After core hydrogen burning, massive stars evolve from blue-white dwarfs to red supergiants by expanding, brightening, and cooling within a few millennia. At the same time, the star’s- brightness, size, and color also change.
By deriving the age and mass of a star, astronomers can get important information on such properties. Astrophysicists of Friedrich Schiller University Jena, Germany, together with colleagues of other subjects from the USA and Italy, have successfully detected and dated such a color change in a bright star: red giant Betelgeuse.
By analyzing data from several sources, they found that Betelgeuse – the bright red giant star in the upper left of the constellation Orion – was yellow-orange some 2,000 years ago.
The Chinese court astronomer Sima Qian wrote around 100 BC about star colors: white is like Sirius, red is like Antares, yellow is like Betelgeuse, and blue like Bellatrix.
Prof. Ralph Neuhäuser from the University of Jena said, “From these specifications, one can conclude that Betelgeuse at that time was in color between the blue-white Sirius and Bellatrix and the red Antares.”
In addition to the foregoing, the Roman scholar Hyginus claimed that Betelgeuse had a color similar to that of yellow-orange Saturn some 100 years later. As a result, one can measure the former color of Betelgeuse with even greater accuracy. More ancient writers, including Ptolemy, provide evidence that Betelgeuse, at their time, did not belong to the group of bright red stars that also included Antares (in the constellation Scorpio), Aldebaran, and others (in Taurus, the Bull).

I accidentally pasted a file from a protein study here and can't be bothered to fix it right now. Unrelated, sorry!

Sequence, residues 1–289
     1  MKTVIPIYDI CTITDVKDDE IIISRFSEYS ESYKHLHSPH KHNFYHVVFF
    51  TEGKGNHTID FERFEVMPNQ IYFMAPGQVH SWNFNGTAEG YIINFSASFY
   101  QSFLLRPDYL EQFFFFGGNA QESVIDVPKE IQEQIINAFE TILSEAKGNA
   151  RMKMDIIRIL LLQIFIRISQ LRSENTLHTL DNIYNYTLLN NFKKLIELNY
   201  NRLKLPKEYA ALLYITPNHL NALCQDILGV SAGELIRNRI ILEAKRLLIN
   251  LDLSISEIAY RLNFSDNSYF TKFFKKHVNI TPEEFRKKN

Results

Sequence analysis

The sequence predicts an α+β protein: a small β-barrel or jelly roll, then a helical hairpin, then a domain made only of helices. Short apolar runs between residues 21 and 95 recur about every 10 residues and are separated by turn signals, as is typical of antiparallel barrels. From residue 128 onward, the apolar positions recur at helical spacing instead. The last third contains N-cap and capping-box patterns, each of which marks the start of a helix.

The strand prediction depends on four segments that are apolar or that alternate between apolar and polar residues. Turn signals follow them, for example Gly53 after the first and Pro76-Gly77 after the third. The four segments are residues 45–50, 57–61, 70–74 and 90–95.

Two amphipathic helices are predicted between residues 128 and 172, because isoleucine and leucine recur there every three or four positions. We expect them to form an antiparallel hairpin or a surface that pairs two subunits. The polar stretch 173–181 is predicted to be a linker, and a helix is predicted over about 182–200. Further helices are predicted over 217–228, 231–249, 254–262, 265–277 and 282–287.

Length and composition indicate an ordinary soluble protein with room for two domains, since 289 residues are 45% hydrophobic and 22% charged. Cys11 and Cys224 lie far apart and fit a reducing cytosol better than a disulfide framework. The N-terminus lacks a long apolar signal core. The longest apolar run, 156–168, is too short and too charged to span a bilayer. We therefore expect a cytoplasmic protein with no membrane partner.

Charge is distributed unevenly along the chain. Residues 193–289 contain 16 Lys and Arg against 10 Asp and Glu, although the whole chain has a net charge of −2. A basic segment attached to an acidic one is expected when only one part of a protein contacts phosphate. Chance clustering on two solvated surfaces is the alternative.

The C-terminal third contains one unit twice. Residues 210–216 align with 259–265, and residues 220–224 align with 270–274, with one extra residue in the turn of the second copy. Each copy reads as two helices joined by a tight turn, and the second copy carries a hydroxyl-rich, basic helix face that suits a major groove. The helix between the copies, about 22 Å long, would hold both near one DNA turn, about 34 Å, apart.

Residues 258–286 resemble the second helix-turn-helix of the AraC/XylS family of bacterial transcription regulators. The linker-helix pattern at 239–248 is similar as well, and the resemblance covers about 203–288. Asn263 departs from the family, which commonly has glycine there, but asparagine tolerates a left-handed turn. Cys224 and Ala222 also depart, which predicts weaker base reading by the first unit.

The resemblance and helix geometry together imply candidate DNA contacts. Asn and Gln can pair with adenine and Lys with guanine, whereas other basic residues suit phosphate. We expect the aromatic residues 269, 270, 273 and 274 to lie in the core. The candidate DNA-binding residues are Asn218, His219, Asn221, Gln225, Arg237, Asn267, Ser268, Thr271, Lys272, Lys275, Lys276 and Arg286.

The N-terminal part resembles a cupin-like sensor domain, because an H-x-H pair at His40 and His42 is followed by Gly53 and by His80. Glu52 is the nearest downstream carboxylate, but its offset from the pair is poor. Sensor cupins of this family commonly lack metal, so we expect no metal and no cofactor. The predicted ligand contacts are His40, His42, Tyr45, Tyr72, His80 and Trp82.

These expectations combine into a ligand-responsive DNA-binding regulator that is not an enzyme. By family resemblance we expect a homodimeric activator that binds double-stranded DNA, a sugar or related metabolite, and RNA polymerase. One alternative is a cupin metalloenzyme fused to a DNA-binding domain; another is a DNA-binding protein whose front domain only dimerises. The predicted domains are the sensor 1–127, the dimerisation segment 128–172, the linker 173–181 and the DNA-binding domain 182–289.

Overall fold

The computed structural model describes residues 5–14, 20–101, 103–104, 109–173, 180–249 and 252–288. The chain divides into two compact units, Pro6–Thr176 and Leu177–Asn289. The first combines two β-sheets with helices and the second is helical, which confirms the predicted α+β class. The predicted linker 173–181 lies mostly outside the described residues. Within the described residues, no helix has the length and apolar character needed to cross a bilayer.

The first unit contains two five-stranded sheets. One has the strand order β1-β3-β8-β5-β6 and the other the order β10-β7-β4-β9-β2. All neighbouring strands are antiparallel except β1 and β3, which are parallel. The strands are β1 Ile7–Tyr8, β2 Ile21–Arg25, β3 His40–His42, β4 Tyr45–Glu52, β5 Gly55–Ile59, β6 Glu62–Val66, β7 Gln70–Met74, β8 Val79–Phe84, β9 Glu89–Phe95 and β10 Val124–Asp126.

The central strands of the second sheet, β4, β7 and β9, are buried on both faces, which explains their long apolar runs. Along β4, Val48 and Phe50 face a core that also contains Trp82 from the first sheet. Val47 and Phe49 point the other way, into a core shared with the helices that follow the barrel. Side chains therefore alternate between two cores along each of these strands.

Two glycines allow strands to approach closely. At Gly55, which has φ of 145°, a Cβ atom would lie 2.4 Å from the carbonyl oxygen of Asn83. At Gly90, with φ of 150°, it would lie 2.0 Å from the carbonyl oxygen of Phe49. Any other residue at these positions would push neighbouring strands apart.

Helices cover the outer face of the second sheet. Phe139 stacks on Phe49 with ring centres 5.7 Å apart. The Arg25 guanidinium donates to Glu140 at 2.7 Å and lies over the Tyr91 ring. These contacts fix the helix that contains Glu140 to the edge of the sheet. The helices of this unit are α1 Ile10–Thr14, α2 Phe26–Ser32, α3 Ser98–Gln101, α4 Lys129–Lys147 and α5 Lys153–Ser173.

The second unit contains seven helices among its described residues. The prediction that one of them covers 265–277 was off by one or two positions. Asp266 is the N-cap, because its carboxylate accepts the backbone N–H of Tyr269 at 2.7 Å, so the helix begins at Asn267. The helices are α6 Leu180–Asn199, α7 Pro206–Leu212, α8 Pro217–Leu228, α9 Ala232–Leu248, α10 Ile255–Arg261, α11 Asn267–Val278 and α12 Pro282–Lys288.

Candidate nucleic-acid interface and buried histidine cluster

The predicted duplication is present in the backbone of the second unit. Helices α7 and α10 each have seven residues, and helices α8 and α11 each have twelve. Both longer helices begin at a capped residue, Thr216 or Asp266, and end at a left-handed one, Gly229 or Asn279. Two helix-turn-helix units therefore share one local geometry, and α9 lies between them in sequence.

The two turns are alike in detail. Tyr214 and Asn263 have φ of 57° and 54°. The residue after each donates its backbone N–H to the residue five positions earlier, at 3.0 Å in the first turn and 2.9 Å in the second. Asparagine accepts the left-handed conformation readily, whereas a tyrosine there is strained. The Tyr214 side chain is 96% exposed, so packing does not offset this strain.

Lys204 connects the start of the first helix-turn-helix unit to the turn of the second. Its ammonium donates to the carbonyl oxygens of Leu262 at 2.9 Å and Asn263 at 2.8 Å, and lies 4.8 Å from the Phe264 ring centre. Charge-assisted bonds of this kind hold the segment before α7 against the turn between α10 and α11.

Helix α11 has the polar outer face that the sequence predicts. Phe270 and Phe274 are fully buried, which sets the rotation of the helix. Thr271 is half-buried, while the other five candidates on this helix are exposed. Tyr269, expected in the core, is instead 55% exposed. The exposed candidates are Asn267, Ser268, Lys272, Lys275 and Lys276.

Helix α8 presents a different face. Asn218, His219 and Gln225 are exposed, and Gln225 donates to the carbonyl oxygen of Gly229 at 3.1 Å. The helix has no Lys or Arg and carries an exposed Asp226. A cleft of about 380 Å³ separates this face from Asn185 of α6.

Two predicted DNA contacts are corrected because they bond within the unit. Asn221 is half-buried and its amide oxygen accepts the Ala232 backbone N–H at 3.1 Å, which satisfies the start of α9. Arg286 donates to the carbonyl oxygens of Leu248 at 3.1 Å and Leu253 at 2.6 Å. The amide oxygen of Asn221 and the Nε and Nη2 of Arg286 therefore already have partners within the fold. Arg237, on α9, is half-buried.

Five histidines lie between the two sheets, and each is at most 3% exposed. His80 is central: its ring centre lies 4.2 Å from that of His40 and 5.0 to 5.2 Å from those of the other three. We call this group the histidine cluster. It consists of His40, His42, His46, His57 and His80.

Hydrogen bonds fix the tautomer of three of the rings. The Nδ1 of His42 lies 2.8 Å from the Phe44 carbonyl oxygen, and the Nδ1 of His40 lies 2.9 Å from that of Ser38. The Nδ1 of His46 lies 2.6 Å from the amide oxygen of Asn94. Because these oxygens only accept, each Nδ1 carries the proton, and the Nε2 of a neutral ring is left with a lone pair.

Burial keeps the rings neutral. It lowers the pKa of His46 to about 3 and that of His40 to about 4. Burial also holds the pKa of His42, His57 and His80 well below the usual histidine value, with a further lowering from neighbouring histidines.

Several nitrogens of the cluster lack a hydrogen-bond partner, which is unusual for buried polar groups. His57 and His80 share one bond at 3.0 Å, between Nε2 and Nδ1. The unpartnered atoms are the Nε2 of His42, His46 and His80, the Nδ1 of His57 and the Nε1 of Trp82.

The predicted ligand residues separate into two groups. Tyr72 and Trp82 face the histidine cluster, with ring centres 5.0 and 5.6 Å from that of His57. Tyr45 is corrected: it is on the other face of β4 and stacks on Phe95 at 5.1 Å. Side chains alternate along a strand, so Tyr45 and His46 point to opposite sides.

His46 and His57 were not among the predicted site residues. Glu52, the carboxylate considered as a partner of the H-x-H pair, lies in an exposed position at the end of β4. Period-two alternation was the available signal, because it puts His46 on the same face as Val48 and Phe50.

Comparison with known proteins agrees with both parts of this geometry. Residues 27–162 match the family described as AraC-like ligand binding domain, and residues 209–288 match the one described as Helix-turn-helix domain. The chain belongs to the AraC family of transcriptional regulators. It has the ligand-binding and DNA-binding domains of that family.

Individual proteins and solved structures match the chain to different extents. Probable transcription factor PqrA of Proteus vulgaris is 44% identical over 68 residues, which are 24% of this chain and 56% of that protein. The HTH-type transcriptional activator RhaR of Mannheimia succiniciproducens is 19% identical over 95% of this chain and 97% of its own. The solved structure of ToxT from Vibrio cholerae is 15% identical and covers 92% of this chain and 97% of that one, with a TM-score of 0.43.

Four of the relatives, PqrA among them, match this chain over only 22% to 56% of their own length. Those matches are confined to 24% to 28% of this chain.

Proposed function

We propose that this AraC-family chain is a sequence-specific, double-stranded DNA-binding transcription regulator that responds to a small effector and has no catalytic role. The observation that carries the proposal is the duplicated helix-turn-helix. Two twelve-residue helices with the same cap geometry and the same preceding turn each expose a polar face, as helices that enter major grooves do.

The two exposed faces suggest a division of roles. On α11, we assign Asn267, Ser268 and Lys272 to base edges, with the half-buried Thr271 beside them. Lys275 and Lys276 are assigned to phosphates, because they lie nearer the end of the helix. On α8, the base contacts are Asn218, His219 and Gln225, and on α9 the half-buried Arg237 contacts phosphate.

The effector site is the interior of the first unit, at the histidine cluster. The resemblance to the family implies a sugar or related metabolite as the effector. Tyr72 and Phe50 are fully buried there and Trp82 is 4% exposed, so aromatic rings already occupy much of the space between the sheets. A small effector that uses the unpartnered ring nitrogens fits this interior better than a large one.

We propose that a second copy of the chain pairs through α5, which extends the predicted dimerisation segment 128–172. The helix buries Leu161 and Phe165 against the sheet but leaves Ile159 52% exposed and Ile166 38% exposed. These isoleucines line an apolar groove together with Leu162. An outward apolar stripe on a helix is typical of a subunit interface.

Neuhäuser noted, “The Greek name Antares means “like Mars “in color; it was indeed reported as red and compared to Mars for millennia from cultures around the world. From a statement by the Danish astronomer Tycho Brahe, one can conclude that, in the 16th century, Betelgeuse was more red than Aldebaran. Today, Betelgeuse is comparable in brightness and color to Antares.”
This new analysis includes historical celestial observations and collaboration with languages, history, and natural philosophy experts.
Neuhäuser said, “The view back in time delivers strong impulses and important results, which can hardly be solved without historical observations.”
“The fact that it changed in color within two millennia from yellow-orange to red tells us, together with theoretical calculations, that it has 14 times the mass of our Sun – and the mass is the main parameter defining the evolution of stars. Betelgeuse is now 14 million years old and in its late evolutionary phases. In about 1.5 million years, it will finally explode as a supernova.”